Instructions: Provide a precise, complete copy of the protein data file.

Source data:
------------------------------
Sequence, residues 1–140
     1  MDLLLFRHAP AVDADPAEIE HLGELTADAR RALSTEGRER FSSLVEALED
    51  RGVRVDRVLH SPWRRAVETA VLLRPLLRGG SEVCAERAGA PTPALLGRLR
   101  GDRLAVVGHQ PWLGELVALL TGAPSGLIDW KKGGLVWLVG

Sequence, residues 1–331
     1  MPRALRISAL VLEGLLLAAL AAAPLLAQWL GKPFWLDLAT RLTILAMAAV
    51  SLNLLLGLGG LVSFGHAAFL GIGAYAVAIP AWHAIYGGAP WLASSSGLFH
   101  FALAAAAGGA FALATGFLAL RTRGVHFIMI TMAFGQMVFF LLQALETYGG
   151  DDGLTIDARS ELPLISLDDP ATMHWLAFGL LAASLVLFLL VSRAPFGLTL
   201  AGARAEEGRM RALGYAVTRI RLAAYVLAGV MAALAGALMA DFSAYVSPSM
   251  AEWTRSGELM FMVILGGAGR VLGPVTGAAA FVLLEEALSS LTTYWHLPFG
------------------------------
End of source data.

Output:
Sequence, residues 1–140
     1  MDLLLFRHAP AVDADPAEIE HLGELTADAR RALSTEGRER FSSLVEALED
    51  RGVRVDRVLH SPWRRAVETA VLLRPLLRGG SEVCAERAGA PTPALLGRLR
   101  GDRLAVVGHQ PWLGELVALL TGAPSGLIDW KKGGLVWLVG

Sequence, residues 1–331
     1  MPRALRISAL VLEGLLLAAL AAAPLLAQWL GKPFWLDLAT RLTILAMAAV
    51  SLNLLLGLGG LVSFGHAAFL GIGAYAVAIP AWHAIYGGAP WLASSSGLFH
   101  FALAAAAGGA FALATGFLAL RTRGVHFIMI TMAFGQMVFF LLQALETYGG
   151  DDGLTIDARS ELPLISLDDP ATMHWLAFGL LAASLVLFLL VSRAPFGLTL
   201  AGARAEEGRM RALGYAVTRI RLAAYVLAGV MAALAGALMA DFSAYVSPSM
   251  AEWTRSGELM FMVILGGAGR VLGPVTGAAA FVLLEEALSS LTTYWHLPFG